Future Leaders Need Moral Fiber, Huckabee Tells Samford Audience
Posted by Mary Wimberley on 2011-05-04
The difference in this country surviving or not is for its future leaders to have moral fiber, Mike Huckabee told a crowd of Samford University supporters Tuesday, May 3.
“If we don’t develop that type of leadership in those coming after us, we do need to be fearful for our country,” the former Arkansas governor and U.S. presidential candidate said at Samford Auxilary’s annual scholarship gala. “You must invest in your country’s future, and help raise Godly leaders who know the difference in right and wrong.”
It is at schools such as Samford, with its “distinctly Christian point of view,” that students can see that education is not just about academics, but about connecting to something bigger in life. “It is about finding out what God has created us to be,” said Huckabee, an ordained Baptist minister.
“It’s in your best interest that students attend a school like Samford,” he said, adding that sometimes people forget that the greatest gifts they give are the ones that cannot be repaid.
Huckabee told how a Rotary Club scholarship from his hometown of Hope, Ark., helped him to attend a Christian school, Ouachita University, and become the first male member of his family to finish college. He is a longtime friend of Samford president Dr. Andrew Westmoreland and his wife, Dr. Jeanna Westmoreland, also Ouachita graduates. Dr. Andrew Westmoreland was president of the Arkansas Baptist school before being named Samford president in 2006.
By helping provide scholarships, Huckabee said, donors may help students fill not only their minds with knowledge, but their hearts with the love of God. If a student becomes an upright leader, it will save you more than you gave, he told the group.
Banquet guests heard from from Samford student Justin Smith, a junior psychology major from Odenville, Ala., who is recipient of an Auxiliary scholarship. Smith told how his Samford education will allow him to achieve his goal of helping others be the best they can be.
Prior to the banquet at the Wynfrey Hotel in Hoover, Ala., Huckabee spoke at an afternoon Town Hall meeting on the Samford campus. Recalling that he had experienced two major tornadoes in his lifetime, he empathized with the emotional shock that Alabama residents are dealing with after the recent deadly tornado outbreak.
Describing how a loss of familiar landmarks can cause disorientation, he observed that in many ways the U.S. has lost its navigation point. “A nation that does not understand where it has been probably doesn’t know where it’s going,” he said. “If we forget where we’ve been and deny who we are, it’s as though we’ve destroyed our landmarks.”
Calling Osama bin Laden a “maniacal madman,” Huckabee said he does not apologize for celebrating the al-Qaida leader’s death last weekend. Because of the people he murdered, his turning the world upside down, and his attack on the serenity of the United States, Huckabee said, “I’m glad he’s dead. I only wish it could have come 10 years earlier.”
He credited president Barack Obama for his good decisions about the execution of the mission, which ended with a body to identify rather than a bombed mansion. “It was gutsy and showed a level of leadership that we haven’t seen before. The military deserves credit, and so does he.”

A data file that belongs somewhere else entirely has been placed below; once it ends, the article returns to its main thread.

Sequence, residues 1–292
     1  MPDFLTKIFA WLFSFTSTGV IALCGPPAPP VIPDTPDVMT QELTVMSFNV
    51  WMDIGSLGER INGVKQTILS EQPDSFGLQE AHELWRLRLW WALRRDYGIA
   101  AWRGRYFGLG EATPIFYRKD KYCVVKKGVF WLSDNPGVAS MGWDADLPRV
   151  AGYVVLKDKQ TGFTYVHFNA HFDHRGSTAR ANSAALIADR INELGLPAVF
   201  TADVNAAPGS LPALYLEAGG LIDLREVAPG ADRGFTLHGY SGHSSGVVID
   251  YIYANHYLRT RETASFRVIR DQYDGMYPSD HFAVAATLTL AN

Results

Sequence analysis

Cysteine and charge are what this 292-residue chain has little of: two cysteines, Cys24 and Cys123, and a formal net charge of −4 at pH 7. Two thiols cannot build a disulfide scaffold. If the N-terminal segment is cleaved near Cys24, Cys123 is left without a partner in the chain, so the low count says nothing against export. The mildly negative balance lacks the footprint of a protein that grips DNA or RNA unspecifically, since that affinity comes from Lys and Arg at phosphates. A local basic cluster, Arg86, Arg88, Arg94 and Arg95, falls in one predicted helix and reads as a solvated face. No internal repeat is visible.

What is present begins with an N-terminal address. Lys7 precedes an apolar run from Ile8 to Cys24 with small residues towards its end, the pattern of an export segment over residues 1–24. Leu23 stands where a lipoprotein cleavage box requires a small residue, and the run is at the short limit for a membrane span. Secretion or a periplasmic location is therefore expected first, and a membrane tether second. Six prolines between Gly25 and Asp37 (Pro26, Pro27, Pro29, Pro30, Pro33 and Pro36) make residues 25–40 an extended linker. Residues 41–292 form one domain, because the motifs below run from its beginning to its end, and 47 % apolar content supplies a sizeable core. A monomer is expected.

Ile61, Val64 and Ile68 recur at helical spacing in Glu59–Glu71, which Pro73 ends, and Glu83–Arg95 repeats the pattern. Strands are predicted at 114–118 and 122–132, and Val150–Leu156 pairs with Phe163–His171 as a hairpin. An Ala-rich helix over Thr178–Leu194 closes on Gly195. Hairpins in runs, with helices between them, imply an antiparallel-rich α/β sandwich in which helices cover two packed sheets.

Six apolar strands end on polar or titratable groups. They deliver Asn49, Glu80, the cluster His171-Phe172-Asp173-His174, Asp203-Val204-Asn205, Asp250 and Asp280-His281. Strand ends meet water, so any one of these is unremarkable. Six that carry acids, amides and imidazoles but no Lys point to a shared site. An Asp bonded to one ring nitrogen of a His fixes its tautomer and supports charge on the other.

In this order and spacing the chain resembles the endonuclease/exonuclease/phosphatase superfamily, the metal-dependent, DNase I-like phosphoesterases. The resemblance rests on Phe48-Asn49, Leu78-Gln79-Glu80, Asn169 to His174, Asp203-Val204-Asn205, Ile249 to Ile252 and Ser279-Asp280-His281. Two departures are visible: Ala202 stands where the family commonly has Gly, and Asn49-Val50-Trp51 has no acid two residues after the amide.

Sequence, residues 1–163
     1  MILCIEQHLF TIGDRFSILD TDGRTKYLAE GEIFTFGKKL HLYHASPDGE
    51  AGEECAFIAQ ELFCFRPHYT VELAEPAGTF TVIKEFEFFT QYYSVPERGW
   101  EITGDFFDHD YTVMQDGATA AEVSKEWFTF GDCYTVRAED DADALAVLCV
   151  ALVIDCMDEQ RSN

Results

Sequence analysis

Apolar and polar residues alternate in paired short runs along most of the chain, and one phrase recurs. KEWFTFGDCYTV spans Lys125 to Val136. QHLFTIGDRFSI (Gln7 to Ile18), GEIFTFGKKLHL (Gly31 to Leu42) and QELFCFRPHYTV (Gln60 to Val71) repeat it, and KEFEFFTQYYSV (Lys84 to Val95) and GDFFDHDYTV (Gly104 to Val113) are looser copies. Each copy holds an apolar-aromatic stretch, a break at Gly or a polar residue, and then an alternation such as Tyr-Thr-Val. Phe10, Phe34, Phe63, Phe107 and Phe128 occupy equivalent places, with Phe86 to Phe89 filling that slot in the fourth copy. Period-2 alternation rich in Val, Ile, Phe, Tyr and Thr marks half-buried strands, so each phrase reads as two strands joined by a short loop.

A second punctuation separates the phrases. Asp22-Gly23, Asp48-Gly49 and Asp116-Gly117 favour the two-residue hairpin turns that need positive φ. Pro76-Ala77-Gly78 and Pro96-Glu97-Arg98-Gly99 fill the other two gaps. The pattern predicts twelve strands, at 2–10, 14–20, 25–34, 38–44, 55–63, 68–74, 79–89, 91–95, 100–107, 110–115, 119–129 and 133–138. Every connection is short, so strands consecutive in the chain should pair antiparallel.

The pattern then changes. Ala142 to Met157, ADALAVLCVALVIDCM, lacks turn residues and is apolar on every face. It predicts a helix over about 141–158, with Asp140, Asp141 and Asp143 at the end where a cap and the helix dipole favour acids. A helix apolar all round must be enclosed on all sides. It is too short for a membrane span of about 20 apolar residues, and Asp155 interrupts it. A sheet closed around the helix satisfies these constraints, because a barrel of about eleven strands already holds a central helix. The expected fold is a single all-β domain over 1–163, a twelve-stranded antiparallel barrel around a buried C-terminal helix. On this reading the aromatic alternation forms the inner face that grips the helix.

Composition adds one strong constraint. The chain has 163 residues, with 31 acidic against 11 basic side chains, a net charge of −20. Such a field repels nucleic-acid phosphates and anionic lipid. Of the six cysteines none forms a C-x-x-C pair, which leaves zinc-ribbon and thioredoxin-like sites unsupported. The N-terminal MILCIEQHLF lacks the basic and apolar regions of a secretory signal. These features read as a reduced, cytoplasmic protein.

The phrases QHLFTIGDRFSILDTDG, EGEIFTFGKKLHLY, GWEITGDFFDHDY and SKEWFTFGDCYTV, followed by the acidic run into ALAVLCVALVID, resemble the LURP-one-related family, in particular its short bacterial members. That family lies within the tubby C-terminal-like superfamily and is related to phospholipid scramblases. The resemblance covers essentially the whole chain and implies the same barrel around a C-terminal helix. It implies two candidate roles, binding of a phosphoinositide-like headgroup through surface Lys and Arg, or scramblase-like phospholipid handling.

Huckabee touched on a number of other topics, such as government bailouts, which, he predicts, “will prove to be one of the biggest mistakes we’ve made,” and the national debt, which the U.S. needs to get under control. Also, he said, compromise between political factions must sometimes be a part of governing. One thing he learned from leading state government, he said, is that “You govern with what you have, not what you wish you had.”
In other comments, Huckabee, who is touted as a possible Republican contender in the 2012 presidential campaign, said that he would announce his plans in the summer.
This year’s scholarship gala benefitted the Leslie Parkman Roe Scholarship for Missionary Dependents. Dr. Roe, a Samford graduate whose missionary parents served in the Philippines during her college days, is now a physician in Virginia. A total of about $100,000 has been raised for the scholarship fund.
Huckabee, host of Fox News’ weekly Huckabee TV show and the daily Huckabee Report on radio, is the author of nine books, the most recent being A Simple Government. A set of his books, along with a collection of his 2008 presidential campaign memorabilia and an autographed electric bass guitar, were auctioned at the banquet to support the scholarship fund.
Auxiliary member Sonya Bumpers and her husband, Bennie, both Samford graduates, left the banquet with the prized Rogue LX400 Series III guitar, which Huckabee played briefly at a pre-banquet reception. An avid musician, he plays bass in his rock and roll band, Capitol Offense.
ABOUT SAMFORD UNIVERSITY -- Samford University is a premier nationally ranked private university deeply rooted in its Christian mission. Founded in 1841, Samford is the 87th oldest institution of higher education in the United States. U.S. News & World Report ranks Samford 3rd among regional universities in the South. Samford enrolls 5,509 students from 45 states, the District of Columbia and 29 other countries in its 10 academic units: arts, arts and sciences, business, divinity, education, health professions, law, nursing, pharmacy, and public health. Samford also fields 17 NCAA Division I teams that compete in the tradition-rich Southern Conference.